Student Presentation on:

Entamoeba histolytica

by Cindy Gode


General Description
Entamoeba histolytica is an ameba that feeds on cells in the human colon. It is the cause of amebic dysentery (bloody diarrhea) as well as colonic ulcerations. The infection is also referred to as amebiasis. If the organisms spread throughout the body via the bloodstream they may cause abscesses in the liver or, less frequently, other organs.

Morphology

The organism has two forms. The cyst is round and 10-20 micrometers in diameter, and contains four nuclei when mature. It is resistant to desiccation and stomach acid, and can survive long enough in the environment to be spread to other humans. When the cyst reaches the large intestine, it excysts and the four nuclei present in the cyst become four separate amebae, each of which undergoes binary fission immediately; thus the ingestion of a single cyst leads to 8 trophozoites. The trophozoite, 10-60 micrometers in diameter, is the active form of the organism and it is in this form that the damage is done to the body. In 1994 the CDC recorded 2,983 cases of amebiasis in the United States.

Transmission
E. histolytica is spread by the fecal-oral route. This is achieved through food or water contaminated with cysts, oral-anal sexual contact, or occasionally directly in childcare centers or institutions for the developmentally challenged. The disease is found far more frequently in people from developing countries or travelers to such areas than in developed countries.

Virulence

Damage is caused by the lysis of epithelial cells, due in part to the insertion of pore-forming proteins into the membrane of the cell. Neutrophils and non-activated macrophages may also be killed and ingested by the organism, limiting the ability of the immune system to deal with the disease. E. histolytica is also capable of phagocytosing red blood cells. Symptoms of infection vary widely, from an asymptomatic carrier state, to mild discomfort and stools containing some blood or mucous, to full-blown dysentery with bloody and mucoid stools. The incubation period typically lasts between two and four weeks, though it can also vary anywhere from a few days to months or years before symptoms are identified. Encystment begins when desiccation is experienced in the colon. The single nucleus in the immature cyst divides twice to produce a mature cyst bearing 4 nuclei.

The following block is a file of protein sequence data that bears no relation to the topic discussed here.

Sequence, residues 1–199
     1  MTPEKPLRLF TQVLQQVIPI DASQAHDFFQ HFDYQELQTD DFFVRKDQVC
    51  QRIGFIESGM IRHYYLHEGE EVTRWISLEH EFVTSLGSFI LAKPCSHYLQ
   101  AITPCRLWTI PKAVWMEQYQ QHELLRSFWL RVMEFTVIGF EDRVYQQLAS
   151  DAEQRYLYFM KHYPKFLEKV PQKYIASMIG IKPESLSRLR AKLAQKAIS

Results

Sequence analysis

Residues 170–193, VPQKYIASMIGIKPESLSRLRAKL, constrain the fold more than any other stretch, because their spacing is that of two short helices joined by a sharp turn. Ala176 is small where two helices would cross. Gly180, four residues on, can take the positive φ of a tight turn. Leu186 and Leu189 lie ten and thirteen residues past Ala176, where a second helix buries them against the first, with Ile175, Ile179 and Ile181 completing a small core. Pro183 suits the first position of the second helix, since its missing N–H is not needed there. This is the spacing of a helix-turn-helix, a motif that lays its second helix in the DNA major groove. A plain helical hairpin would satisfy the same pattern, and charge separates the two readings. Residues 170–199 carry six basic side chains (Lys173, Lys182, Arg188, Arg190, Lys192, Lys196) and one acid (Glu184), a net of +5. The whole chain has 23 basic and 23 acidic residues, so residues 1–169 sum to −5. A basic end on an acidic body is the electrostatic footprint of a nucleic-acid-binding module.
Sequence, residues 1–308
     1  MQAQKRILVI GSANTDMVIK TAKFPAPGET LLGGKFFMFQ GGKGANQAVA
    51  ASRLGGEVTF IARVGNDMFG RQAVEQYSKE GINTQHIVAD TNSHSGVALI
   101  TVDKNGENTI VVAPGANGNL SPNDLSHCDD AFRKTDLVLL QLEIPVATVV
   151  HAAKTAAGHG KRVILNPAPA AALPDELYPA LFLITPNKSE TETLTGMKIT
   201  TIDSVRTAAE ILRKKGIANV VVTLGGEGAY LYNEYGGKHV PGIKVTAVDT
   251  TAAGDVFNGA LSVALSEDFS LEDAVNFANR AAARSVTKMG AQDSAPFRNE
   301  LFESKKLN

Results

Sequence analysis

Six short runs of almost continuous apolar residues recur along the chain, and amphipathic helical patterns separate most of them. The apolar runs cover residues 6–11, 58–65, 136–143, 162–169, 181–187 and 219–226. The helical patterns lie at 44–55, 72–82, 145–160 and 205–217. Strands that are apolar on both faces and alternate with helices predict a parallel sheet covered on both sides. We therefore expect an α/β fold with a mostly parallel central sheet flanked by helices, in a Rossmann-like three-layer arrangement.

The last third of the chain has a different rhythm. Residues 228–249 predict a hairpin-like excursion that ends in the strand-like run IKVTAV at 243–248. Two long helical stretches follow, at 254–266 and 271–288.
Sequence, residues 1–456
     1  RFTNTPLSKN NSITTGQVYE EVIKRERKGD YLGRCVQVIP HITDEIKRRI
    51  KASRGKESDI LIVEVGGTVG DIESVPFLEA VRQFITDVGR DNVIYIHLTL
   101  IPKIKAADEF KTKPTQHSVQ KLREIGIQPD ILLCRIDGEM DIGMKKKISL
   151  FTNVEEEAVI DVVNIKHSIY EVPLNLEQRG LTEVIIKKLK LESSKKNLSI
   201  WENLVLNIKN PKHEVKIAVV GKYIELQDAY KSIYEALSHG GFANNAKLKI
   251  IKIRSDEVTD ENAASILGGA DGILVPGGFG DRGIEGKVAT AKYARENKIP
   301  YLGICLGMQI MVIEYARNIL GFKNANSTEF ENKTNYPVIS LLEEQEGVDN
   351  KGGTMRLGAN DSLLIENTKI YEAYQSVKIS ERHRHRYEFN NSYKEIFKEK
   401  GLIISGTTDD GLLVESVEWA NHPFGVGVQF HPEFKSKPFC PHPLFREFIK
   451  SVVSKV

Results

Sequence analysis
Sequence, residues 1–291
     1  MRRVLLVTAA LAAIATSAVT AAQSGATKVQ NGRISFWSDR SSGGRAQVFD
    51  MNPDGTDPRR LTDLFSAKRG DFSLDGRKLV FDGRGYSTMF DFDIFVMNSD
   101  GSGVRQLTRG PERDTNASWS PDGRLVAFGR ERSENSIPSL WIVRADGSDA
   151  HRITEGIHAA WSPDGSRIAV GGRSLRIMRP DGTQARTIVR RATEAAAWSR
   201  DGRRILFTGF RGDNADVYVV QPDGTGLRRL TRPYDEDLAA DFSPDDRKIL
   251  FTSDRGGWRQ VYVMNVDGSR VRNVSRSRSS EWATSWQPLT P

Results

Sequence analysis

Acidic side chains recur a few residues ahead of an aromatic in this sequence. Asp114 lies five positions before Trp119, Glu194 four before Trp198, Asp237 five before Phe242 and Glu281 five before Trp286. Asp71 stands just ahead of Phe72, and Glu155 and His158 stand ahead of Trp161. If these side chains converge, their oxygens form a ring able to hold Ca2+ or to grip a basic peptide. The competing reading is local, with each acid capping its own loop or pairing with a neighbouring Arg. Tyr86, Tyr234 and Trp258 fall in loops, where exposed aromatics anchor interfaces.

Diagnosis

E. histolytica is diagnosed by the examination of slides prepared from fecal matter. It can be difficult to diagnose E. histolytica for several reasons. It is morphologically indistinguishable from E. dispar, a nonpathogenic species. There are also difficulties involved in spotting E. histolytica in slides prepared from stool specimens. The CDC Morbidity and Mortality Weekly Report from March of 1985 discusses a "pseudo-outbreak" that occurred in California in 1983. 38 patients over the course of 3 months were diagnosed with E. histolytica, in comparison to a previous frequency of about 1 case per month. No connection between the patients was found, nor were the patients part of the high-risk population of travelers or homosexual males. Instead it was found that 36 of these cases were actually misdiagnosed. Two of the patient samples were positive for protozoa other than E. histolytica, and 34 of these stool samples contained polymorphonuclear neutrophils and/or macrophages, which can be visually confused with E. histolytica cysts.

Control and Treatment


E. histolytica is anaerobic and is sensitive to metronidazole when in the trophozoite form. Metronidazole is not effective against the cyst form of the organism, and therefore is followed up with iodoquinol or paromomycin to target the cysts. Dehydroemetine, a treatment that requires hospitalization due to the need for close supervision, and Diloxanide furoate, which is used in conjunction with other treatments in systematic cases, are only available through the Center for Disease Control and Prevention. If liver infection occurs Cholorquine may be used, in the event that Metronidazole is ineffective.

Entamoeba histolytica is a typical example of diseases that impact poor populations in developing countries. This makes it far more difficult to fund research and development for new treatments or vaccines, in spite of the fact that research has shown some possibilities for vaccines. The presence of IgA antibodies against E. histolytica indicates that a vaccine that brings about a mucosal immune response could be effective. However, the lack of projected profit limits the interest of pharmaceutical and biotechnology companies. Sanitation and hygiene are effective controls but often cannot be applied in many poor nations. Until a vaccine is created and distributed, Entamoeba histolytica will remain an important disease in mortality rates, especially among children in developing countries.

 


© 2010, J.Graf. Site made by Cindy Gode, for comments please contact Joerg.Graf@uconn.edu